Adrienne dorrah -_autism___aspergers

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  • 1.Autism,Aspergers, andthe BrainAdrienne Dorrah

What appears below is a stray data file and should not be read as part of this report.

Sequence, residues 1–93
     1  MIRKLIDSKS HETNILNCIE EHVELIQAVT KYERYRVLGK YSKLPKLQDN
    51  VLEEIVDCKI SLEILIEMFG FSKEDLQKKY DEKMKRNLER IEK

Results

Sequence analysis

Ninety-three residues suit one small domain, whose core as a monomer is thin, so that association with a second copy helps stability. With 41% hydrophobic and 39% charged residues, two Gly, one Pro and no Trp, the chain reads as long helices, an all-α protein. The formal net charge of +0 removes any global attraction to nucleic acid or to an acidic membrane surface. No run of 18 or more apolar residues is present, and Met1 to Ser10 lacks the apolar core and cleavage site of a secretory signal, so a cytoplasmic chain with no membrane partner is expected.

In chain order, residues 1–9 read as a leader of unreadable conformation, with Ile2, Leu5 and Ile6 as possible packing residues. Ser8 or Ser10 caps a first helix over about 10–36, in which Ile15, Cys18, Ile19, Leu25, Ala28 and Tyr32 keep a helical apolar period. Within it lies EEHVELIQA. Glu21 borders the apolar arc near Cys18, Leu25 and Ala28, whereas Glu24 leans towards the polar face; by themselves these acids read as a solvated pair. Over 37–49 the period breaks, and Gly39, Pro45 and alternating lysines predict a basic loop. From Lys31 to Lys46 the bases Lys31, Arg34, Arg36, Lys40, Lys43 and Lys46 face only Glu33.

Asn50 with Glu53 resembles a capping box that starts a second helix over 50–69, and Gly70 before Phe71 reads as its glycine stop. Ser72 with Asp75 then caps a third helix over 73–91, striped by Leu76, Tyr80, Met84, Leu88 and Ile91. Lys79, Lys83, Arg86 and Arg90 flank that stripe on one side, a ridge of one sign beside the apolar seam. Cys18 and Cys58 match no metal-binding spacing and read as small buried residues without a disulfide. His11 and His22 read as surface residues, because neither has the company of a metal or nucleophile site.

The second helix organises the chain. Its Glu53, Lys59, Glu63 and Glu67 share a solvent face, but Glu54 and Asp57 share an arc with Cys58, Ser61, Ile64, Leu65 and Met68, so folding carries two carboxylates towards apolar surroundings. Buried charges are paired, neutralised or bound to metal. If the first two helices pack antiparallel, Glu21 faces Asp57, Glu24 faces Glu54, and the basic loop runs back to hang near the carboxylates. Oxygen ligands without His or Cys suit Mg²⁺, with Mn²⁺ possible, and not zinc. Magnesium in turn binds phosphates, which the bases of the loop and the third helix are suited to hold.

2. Definition Autism and Aspergers are developmental disorders on alarger spectrum called Autism Spectrum Disorders (ASDs). Autism usually have significant language delays, socialand communication challenges, unusual behaviors andinterests; may have intellectual disability Aspergers may have social challenges and unusualbehaviors and interests; typically do not have languageproblems or intellectual disability http://www.cdc.gov/NCBDDD/autism/videos/whatisautism.html - this is a link to a short video that explains the signsand symptoms related to ASDs.Source: (Center for Disease Control, 2012) 3. General Information 1 in 88 children have been identified with an autism spectrum disorder Typically diagnosed between the ages of 2 and 4 Becauseof the late diagnosis, brain development in autism is largely unstudied during the first 2 years of life the crucial periodSource: (Center for Disease Control, 2012) 4. Source: (Center for Disease Control, 2012) 5. Head Circumference Typically normal average at birth 25th %ile By 6-14 months, head circumference is at 84th %ile; growth slows down at end of 2nd year Brain volume of autistic 3-4 years old about 10% larger than normal (1.5 cm) Cerebrum, cerebellum, and amygdala also larger than normalSource: (Courchesne, 2004) 6. Source: (University of California, San Diego, 2003) 7. Gray Matter & White Matter In2-4 year olds, brain enlargement was foundto be due to significant increases in cerebralwhite matter (18%), cerebral gray matter (12%),cerebellar white matter (39%), but notcerebellar gray matter. Grey matter volume reaches a peak betweenages 4 & 6, then decreases constantly White matter volume increase in the firstdecade of life and stays relatively stableSources: (Courchesne 2004) (Predescu, et. al. 2010 8. Photo Credit: (Courchesne, et. al., 2007) 9. Brain dysfunction in autism is correlated with abnormal patterns of development affecting the whole brain as well as circuits involving the prefrontal cortex, the limbic system, and cerebellum. The amygdala and hippocampus increase in size through adolescence.Picture Source: (Health on Care) Source: Predescu et. al. 2010) 10. Affected Parts of the Brain The most consistent changes were in theamygdala, hippocampus, and functionallyrelated entorhinal cortex and mammillarybody. Using SPECT techniques, researchers reportedthat blood flow is significantly reduced in theleft temporal region in high-functioningautism, while a more recent study reported acorrelation between reduced temporal lobeblood flow and the severity of the disorder.Source: (Lathe, 2006) 11. Boys vs. Girls Girls with autism showed substantial reduction in cerebellar gray matter volumes as compared to normal girls as well as to boys with autism Brain development abnormalities appear to be more severe in girls than in boys with autism Every structural volume abnormality present in boys with autism was also present in girls with autismSource: (Courchesne, 2004) 12. Reference List Center for Disease Control. (29, March 2012). Data and statistics. Retrievedfrom http://www.cdc.gov/ncbddd/autism/data.html/This site gave statistical information and data related to Autism. It also talks aboutdiagnosis and economic costs of autism. A basic chart with data about theprevalence of ASDs was extracted from this site. Center for Disease Control. (29, March 2012). Facts about asds. Retrieved fromhttp://www.cdc.gov/ncbddd/autism/facts.htmlThis website gave general information about Autism Spectrum Disorders. Itdiscusses the different types of ASDs, signs and symptoms, treatments, and riskfactors, among other information. Courchesne, E. (2004). Brain development in autism: Early overgrowthfollowed by premature arrest of growth. Mental Retardation & DevelopmentalDisabilities Research Reviews, 10(2), 106-111.*This article discusses brain development and growth in autism. Circumference ofthe head, rate of growth, growth at different ages, and regional differences areall discussed. 13. References Contd Courchesne, E., K. Pierce, C. M. Schumann, E. Redcay, J. A. Buckwalter, D. P.Kennedy, and J. Morgan. "Mapping Early Brain Development in Autism."Neuron. 56.2 (2007): 399-413. Web. 13 Aug. 2012.*This article talks about findings during the first few years of life and argues thatearly brain overgrowth is a key factor in the onset of autism. The article alsoincludes graphs that map out data related to overgrowth in the brain. Health on Care. (n.d.). Autism causes, symptoms and treatment. Retrievedfrom http://www.healthoncare.com/autism-causes-symptoms-and-treatment.htmlThis website gave a brief overview of what autism is and the causes andsymptoms of autism. The site has a picture of the brain that shows which parts ofthe brain which are affected by autism. This photo was extracted for mypresentation. 14. References Contd Lathe, Richard. Autism, Brain and Environment. London: Jessica Kingsley Publishers,2006.*This is a book about autism that discusses how autism affects the brain and theabnormalities and dysfunction associated with the disorder. The book also discusses howthe environment has an effect on the onset of autism. Predescu, E., Sipos, P., Sipos, R., Iftene, F., & Balzsi, R. (2010). BRAIN VOLUMES INAUTISM AND DEVELOPMENTAL DELAY -- A MRI STUDY. Journal Of Cognitive &Behavioral Psychotherapies, 10(1), 25-38.This article compared children with ASD and children with developmental delay. Itcompared total brain volume of both sets of children as well as volume of gray matterand white matter between the groups of children. University of California, San Diego. (2003). Ucsd researchers find brainovergrowth during first year of life in autism. Retrieved fromhttp://health.ucsd.edu/news/2003/07_15_courchesne.htmlThis website contained an article talking about brain growth in children with autismduring their first year of life. The website contained a photo comparing the size of anaverage brain with the size of a brain with autism. This photo was extracted for mypresentation.